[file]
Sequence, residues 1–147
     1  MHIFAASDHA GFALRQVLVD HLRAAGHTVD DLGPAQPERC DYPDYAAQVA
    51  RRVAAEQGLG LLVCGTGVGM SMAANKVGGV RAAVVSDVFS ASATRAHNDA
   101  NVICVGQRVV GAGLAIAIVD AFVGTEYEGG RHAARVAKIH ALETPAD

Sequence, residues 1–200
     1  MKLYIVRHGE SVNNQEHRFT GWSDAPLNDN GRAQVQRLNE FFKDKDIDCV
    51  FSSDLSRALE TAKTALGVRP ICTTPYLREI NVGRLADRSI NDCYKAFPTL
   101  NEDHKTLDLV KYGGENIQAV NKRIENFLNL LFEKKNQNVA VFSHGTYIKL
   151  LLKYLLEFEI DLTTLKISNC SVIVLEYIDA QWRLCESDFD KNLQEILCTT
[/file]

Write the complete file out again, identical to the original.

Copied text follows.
Sequence, residues 1–147
     1  MHIFAASDHA GFALRQVLVD HLRAAGHTVD DLGPAQPERC DYPDYAAQVA
    51  RRVAAEQGLG LLVCGTGVGM SMAANKVGGV RAAVVSDVFS ASATRAHNDA
   101  NVICVGQRVV GAGLAIAIVD AFVGTEYEGG RHAARVAKIH ALETPAD

Sequence, residues 1–200
     1  MKLYIVRHGE SVNNQEHRFT GWSDAPLNDN GRAQVQRLNE FFKDKDIDCV
    51  FSSDLSRALE TAKTALGVRP ICTTPYLREI NVGRLADRSI NDCYKAFPTL
   101  NEDHKTLDLV KYGGENIQAV NKRIENFLNL LFEKKNQNVA VFSHGTYIKL
   151  LLKYLLEFEI DLTTLKISNC SVIVLEYIDA QWRLCESDFD KNLQEILCTT